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Colts, Browns battling to stay in AFC playoff race

(Sports Network) - A pair of teams fighting to stay in the AFC playoff hunt will meet up in Week 15, as the Indianapolis Colts travel to Cleveland to face the Browns on Sunday.

The Colts had their four-game winning streak snapped a week ago when they fell to the Tennessee Titans, 27-17, for the second time this season. Peyton Manning, who was playing in Tennessee for the first time since his college days, completed 26-of-42 passes for 297 yards and one touchdown. Marvin Harrison, who grabbed nine passes for 76 yards, set the franchise record for career receptions with his first catch of the game. But Colts head coach Tony Dungy was still disappointed in the outcome of the game, which knocked the Colts out of first place in the AFC South.

"It was kind of like we played six or seven weeks ago," Dungy said. "We couldn't stop them in the first half. We turned the ball over. We just did things we shouldn't do. Our special teams kind of got handled. So, it just wasn't a good performance in a big game.

"This is crunch time. We have three games left and we need to play our best from here on out."

The Brownsí prayers were answered last week when Tim Couch's 50-yard desperation "Hail Mary" pass with no time left on the clock was caught by WR Quincy Morgan in the end zone to give Cleveland a 21-20 victory over in Jacksonville.

"That's what makes this game so amazing," said Morgan. "Any play can occur on any given Sunday."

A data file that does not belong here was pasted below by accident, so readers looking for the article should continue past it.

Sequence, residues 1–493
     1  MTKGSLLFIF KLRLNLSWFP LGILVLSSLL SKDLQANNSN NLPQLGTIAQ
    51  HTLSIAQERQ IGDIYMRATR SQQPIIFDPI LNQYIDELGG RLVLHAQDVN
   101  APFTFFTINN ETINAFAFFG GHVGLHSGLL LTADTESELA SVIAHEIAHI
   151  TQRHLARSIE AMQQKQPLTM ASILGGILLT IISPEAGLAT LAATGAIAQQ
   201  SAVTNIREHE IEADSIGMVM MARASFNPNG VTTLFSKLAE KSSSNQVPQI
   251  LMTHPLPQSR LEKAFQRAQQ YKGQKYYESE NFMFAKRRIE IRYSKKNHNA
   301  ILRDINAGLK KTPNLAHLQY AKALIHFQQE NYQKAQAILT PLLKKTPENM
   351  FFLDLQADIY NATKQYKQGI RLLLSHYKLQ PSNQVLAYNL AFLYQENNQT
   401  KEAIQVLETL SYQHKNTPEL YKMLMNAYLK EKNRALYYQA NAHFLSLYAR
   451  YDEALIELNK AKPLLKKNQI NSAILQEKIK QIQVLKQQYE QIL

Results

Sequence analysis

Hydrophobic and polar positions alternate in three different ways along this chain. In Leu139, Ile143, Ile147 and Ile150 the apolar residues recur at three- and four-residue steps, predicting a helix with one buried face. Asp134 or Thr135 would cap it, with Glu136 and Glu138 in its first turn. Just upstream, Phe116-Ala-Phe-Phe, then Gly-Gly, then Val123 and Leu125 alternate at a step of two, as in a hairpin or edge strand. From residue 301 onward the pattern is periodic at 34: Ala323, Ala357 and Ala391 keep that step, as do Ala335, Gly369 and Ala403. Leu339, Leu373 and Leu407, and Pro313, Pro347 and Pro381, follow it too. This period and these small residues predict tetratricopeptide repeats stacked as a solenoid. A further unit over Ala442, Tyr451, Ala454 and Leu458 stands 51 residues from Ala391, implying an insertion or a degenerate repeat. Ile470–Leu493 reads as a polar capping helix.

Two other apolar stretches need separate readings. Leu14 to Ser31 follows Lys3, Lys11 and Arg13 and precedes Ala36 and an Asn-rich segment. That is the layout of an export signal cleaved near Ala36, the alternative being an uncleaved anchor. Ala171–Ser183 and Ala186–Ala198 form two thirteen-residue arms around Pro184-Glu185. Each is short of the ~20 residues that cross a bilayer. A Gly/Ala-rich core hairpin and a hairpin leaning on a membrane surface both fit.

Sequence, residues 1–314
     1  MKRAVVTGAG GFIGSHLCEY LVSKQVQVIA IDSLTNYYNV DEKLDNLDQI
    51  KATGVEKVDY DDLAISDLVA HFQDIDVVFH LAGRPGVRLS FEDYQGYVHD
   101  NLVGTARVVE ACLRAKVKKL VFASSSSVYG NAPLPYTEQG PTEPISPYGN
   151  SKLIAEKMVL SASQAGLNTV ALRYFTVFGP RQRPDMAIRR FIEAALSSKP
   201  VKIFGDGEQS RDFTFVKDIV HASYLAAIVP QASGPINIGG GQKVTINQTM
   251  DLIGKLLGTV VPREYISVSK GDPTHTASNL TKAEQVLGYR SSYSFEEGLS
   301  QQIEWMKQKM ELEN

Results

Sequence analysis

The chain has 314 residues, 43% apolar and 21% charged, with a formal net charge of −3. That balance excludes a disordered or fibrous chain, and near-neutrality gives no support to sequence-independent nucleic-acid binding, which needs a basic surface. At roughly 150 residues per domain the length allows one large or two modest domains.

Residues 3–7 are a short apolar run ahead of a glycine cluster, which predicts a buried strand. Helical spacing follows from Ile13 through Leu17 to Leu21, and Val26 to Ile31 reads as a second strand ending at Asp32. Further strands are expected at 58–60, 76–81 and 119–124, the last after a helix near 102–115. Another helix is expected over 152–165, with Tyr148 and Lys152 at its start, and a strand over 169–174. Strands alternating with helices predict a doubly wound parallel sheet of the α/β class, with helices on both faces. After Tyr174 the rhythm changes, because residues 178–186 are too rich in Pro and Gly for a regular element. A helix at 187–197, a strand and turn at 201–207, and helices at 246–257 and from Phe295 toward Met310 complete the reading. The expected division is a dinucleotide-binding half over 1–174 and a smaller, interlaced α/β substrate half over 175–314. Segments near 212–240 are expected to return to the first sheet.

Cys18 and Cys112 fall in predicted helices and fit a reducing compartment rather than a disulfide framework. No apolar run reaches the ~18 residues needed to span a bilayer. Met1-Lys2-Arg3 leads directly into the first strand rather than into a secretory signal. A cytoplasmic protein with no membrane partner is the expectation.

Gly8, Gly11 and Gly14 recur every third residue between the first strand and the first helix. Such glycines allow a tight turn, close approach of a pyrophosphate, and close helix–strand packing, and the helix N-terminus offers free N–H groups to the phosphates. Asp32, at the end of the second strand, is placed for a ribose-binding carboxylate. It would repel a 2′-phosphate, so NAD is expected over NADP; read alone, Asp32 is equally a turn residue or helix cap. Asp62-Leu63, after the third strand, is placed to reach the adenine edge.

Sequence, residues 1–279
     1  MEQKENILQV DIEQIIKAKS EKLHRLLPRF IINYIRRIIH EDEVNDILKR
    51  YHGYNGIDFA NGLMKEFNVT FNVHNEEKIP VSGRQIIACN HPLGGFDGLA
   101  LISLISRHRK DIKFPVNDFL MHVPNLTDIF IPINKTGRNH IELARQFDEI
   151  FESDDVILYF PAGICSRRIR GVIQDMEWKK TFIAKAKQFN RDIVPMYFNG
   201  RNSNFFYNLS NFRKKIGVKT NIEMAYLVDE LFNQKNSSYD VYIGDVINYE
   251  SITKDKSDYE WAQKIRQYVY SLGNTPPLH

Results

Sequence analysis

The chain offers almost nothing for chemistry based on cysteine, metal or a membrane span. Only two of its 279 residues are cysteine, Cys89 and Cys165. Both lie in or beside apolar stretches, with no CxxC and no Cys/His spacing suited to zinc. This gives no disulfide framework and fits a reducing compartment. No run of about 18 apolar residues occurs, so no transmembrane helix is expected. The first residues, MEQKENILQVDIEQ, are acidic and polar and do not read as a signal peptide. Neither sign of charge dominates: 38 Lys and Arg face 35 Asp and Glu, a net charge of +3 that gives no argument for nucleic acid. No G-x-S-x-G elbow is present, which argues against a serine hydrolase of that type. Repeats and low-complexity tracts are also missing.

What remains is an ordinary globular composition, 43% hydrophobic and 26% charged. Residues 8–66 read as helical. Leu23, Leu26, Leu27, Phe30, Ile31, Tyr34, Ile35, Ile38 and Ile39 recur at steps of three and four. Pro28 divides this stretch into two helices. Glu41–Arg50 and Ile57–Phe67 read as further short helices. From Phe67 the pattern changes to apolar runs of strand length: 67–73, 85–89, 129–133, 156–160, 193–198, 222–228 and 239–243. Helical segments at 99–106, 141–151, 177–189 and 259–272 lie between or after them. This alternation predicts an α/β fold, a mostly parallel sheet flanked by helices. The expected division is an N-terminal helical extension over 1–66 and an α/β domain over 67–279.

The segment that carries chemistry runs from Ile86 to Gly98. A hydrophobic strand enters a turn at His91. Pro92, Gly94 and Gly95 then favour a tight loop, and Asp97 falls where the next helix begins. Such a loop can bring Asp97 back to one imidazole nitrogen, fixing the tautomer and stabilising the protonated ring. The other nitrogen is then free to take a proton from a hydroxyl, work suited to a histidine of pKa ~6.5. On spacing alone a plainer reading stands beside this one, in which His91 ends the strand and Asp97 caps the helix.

Cleveland trails AFC North leader Pittsburgh by a half game entering Week 15.

SERIES HISTORY: The Browns own a 13-8 lead in the series history, but the Colts have won three of the last four meetings, including a 29-28 victory in December 1999 when Edgerrin James rushed for 103 yards and three touchdowns.

Neither Dungy nor Browns head coach Butch Davis has ever faced the other team.

This week, the Colts could have the road team advantage, as the Browns have only won two their six home games this season.

COLTS OFFENSE VS. BROWNS DEFENSE

Manning suffered a minor knee injury in the loss to Tennessee and it forced him to spend some time receiving treatment this week. However, the sturdy signal-caller said the injury will not prevent him from doing anything in Sunday's showdown with the Browns.

"Any time you come in and get four rounds of treatment on a Tuesday, you'd rather not have to do that," Manning said. "It's basically like you've got a balloon on your knee. It's more of an annoyance than anything else.

"I'm going to practice and try to control the swelling...but it's not going to prevent me from doing anything. We caught it early, and just kind of controlled it."